Motorola and Huawei settle networking technology disputes

Mobile technology giants Huawei and Motorola have issued a joint statement indicating they have reached an agreement that puts an end to all currently legal disputes between the companies. Most significantly, the agreement will see Motorola paying Huawei an undisclosed amount to transfer its commercial mobile technology licensing agreements to Nokia Siemens. Motorola will also be dropping its suit against Huawei claiming the company had obtained confidential Motorola information via a reseller.

“After reviewing the facts, we decided to resolve these matters and return to our traditional relationship of confidence and trust. I am pleased that we can again focus on having a cooperative and productive relationship,” said Motorola Solutions CEO and president Greg Brown, in a statement.

“Huawei acted properly and above board at all times and developed its products independently and without the use of any Motorola trade secrets,” said Huawei executive VP and board chairman Guo Ping. “With the resolution of these cases, and the misunderstandings put to rest, Huawei is pleased to move forward with its efforts to provide innovative solutions to its customers.”

The agreement puts to rest a high-stakes dispute involving some of the world’s largest makers of mobile networking equipment—the gear that actually comprises the mobile networks we all know and love. Almost a year ago, Motorola entered into a $1.2 billion deal to sell its mobile networking business to Nokia Siemens. Huawei sued to block the deal almost immediately, claiming the sale would necessitate the transfer of proprietary Huawei technology to Nokia Siemens, which Huawei didn’t want to happen. (Huawei developed technologies widely used in Motorola’s GSM and CDMA networking gear—Motorola says that in the last ten years it purchased more than $880 million in Hauwei technology for its core networks and radio access networks.) Earlier this year, Huawei won an injunction barring the sale until the matter could be resolved.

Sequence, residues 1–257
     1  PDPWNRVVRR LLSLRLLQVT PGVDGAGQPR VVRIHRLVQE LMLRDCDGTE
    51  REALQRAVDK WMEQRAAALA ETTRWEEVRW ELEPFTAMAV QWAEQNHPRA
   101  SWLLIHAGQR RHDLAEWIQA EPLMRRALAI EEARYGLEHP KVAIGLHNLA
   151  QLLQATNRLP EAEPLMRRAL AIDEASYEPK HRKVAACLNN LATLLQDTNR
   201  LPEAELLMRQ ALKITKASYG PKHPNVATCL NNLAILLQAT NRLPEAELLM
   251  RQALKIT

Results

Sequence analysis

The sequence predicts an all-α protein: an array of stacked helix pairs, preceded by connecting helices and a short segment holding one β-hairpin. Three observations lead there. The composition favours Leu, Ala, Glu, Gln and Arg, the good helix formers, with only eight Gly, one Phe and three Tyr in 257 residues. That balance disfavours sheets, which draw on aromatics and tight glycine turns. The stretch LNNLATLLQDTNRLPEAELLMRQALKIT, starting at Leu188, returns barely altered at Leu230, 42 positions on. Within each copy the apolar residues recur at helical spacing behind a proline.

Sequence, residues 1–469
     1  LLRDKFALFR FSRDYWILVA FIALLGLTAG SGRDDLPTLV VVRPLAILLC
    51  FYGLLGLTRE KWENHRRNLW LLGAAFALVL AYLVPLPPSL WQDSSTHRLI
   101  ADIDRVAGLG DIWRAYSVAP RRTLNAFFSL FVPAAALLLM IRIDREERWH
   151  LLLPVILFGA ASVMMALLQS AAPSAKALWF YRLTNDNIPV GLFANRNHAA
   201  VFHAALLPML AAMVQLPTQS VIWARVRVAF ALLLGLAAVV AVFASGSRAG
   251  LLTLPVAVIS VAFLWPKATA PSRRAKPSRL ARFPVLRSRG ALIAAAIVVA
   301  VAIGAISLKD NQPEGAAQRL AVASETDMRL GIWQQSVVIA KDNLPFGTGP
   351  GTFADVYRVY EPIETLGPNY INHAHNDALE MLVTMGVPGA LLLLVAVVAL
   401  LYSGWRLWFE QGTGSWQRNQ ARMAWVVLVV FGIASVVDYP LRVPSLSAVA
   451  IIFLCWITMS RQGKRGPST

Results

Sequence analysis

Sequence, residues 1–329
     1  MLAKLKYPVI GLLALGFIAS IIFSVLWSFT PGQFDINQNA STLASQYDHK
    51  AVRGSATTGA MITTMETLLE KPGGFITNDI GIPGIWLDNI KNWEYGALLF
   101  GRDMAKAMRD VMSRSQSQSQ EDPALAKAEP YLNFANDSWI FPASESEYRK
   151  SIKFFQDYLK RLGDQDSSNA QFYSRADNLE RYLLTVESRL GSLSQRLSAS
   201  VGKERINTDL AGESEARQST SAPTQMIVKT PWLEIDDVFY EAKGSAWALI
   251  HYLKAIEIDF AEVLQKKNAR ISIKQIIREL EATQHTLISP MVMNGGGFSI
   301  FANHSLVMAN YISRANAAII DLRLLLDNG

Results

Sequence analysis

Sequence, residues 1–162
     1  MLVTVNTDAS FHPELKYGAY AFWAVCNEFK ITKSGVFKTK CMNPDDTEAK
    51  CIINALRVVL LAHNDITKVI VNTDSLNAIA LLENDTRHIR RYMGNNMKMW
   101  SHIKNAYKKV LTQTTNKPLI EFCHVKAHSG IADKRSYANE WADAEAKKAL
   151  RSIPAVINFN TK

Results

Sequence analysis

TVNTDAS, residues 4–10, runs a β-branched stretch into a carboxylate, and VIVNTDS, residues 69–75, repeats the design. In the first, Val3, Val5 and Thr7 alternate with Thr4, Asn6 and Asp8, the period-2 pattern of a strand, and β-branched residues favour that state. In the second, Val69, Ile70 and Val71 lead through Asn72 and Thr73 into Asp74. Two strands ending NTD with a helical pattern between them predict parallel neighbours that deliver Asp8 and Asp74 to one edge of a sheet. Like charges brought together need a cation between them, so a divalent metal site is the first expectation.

For its part, Nokia Siemens said it never wanted Huawei proprietary tech as part of the Motorola networking acquisition…but it looks like it’s going to receive it anyway. Under the terms of the Motorola/Huawei agreement, Motorola will be paying Huawei for the right to transfer its commercial agreements to Nokia Siemens, and Nokia Siemens will receive and have the right to use the transferred Huawei technologies worldwide.

Motorola is also dropping a separate suit, Motorola v. Lemko, in which it accused Huawei of receiving confidential Motorola information via a third party reseller that, Motorola alleged, was essentially just a shell company set up by Huawei itself.

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